8. And always, encourage students and acknowledge their postive traits and contributions.

Quick Decision Role Play

Here is a chance to practice the assertive speaking, active listening and creative problem solving skills that you have been teaching/learning over the past several months. For each of the following role plays, name the two characters in a role play (see below) and have paired participants choose roles. Read the conflict scenario involving the two characters and tell participants they have 3 minutes to role play it. When the time is up, go around the circle and have participants demonstrate for the class their I-messages, their active listening and the proposed solution.


  • Two children: Two children are fighting over a pencil. One accuses the other of stealing the pencil. The accused says she brought the pencil from home.
  • Teacher and student: Money has been stolen from a teacher’s desk. A student named Pat was in the office alone just before the teacher noticed the money missing.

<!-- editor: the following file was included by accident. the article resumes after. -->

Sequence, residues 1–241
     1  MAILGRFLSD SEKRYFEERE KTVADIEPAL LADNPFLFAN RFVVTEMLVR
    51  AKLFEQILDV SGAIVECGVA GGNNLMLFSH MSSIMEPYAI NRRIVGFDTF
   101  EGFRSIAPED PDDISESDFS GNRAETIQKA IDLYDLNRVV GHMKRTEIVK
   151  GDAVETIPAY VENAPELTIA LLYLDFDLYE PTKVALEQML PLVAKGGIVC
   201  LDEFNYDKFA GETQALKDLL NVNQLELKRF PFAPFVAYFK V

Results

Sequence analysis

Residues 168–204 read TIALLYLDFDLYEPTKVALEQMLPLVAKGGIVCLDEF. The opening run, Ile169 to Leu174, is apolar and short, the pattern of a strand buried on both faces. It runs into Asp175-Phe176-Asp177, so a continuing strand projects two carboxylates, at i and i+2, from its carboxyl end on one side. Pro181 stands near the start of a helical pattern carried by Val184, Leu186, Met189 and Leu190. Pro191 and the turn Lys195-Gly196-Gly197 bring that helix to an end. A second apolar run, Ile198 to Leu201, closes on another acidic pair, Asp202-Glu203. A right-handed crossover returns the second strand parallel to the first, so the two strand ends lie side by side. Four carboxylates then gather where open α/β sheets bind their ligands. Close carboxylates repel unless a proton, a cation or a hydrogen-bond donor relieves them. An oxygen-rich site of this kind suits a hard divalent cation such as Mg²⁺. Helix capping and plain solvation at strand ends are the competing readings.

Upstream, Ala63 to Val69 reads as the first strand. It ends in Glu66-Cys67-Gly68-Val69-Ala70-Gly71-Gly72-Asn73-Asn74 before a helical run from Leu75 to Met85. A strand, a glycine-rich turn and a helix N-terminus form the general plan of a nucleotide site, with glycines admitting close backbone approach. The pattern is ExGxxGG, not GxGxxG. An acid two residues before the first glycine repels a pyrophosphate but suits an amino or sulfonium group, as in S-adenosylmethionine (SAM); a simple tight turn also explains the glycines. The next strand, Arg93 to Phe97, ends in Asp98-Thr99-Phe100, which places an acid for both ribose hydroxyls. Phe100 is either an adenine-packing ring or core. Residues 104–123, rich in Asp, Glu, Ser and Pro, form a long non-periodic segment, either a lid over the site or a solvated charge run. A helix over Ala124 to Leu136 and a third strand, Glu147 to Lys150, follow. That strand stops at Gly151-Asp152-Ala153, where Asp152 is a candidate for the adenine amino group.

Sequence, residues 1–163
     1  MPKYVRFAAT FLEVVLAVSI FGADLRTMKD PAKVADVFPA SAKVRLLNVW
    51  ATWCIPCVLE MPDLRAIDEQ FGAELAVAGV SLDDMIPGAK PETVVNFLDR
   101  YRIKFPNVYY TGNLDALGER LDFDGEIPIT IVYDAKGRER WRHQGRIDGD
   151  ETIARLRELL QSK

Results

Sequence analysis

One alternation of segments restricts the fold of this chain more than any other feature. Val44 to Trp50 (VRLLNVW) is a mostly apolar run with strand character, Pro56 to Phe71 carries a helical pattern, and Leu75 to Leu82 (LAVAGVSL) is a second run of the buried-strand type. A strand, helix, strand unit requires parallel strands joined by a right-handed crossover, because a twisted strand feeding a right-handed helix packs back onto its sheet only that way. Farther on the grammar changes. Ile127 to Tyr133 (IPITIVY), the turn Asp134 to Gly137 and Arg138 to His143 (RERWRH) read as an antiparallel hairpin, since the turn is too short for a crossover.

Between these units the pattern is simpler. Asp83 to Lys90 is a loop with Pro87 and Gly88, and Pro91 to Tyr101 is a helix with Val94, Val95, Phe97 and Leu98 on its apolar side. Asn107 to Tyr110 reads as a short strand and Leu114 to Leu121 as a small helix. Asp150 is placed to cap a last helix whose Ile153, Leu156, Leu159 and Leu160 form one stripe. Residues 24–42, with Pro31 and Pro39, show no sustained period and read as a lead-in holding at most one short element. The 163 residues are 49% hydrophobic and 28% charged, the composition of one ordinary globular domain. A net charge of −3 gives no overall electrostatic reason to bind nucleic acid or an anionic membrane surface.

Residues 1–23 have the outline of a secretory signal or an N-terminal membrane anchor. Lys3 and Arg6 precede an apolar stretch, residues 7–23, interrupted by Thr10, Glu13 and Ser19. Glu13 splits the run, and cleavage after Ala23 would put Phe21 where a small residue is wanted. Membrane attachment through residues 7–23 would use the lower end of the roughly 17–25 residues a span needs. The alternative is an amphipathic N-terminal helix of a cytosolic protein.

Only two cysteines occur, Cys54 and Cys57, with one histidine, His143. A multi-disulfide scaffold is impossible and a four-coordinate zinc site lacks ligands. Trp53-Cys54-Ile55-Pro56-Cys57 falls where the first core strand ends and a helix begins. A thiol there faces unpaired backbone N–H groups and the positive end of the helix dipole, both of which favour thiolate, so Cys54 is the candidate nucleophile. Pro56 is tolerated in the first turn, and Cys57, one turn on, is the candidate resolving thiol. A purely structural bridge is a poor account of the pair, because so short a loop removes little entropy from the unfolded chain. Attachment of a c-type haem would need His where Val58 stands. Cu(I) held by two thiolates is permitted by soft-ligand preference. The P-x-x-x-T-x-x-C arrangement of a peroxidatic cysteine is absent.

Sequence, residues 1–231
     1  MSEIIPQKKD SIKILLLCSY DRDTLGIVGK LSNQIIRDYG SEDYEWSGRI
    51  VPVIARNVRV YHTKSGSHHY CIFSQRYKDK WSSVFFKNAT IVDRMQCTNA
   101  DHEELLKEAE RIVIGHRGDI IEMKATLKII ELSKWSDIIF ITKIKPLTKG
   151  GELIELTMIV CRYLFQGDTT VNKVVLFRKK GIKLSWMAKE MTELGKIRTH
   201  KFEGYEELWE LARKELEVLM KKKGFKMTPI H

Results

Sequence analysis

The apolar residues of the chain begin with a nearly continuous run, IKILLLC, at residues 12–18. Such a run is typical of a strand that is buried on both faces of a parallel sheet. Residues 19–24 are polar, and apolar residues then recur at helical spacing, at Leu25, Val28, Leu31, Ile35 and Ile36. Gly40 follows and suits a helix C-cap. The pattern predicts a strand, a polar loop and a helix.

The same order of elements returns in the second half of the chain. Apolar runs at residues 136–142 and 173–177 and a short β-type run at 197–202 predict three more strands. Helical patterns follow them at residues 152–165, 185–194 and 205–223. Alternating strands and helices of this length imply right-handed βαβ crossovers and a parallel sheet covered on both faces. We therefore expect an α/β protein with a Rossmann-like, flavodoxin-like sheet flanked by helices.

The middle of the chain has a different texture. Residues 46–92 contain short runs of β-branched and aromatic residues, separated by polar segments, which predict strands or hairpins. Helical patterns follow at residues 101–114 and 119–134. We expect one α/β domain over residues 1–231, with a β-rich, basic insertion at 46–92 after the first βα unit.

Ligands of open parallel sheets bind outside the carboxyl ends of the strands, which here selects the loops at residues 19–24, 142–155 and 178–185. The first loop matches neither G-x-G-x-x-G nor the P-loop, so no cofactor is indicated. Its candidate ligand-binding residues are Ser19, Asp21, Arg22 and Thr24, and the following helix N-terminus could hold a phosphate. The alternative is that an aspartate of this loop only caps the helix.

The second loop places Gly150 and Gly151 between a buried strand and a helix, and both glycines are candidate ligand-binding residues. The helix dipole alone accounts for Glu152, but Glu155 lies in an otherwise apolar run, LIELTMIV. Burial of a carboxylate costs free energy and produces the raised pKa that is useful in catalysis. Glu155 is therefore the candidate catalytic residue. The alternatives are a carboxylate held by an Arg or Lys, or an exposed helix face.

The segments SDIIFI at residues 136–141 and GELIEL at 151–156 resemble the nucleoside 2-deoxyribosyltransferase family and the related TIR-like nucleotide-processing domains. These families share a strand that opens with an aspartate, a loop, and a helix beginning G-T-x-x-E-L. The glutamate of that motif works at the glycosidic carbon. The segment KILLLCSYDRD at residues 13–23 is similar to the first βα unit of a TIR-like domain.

• Two students: Two boys are shooting hoops at lunch. One accuses the other of hogging the ball.
  • Teacher and student: Halfway through directions for the lesson, the teacher notices that one child is not writing anything. The teacher notices the child does not have a pencil. This has happened several times before.
  • Teacher and student: School rules forbid talking during fire drills. One student sees water on the floor and warns the others. The teacher hears the student talking and reprimands her in front of everyone.

Discuss how participants felt in their roles. Ask which of the different solutions they liked the best or which solution was the most respectful of everyone or the best nonviolent solution.

Anger Art

Have students paint, color or draw a picture that represents things that make them angry, how they feel before and after they are angry, and any other issues they might be dealing with.

In a safe environment, they might draw something that gives you better insights to deal with their anger.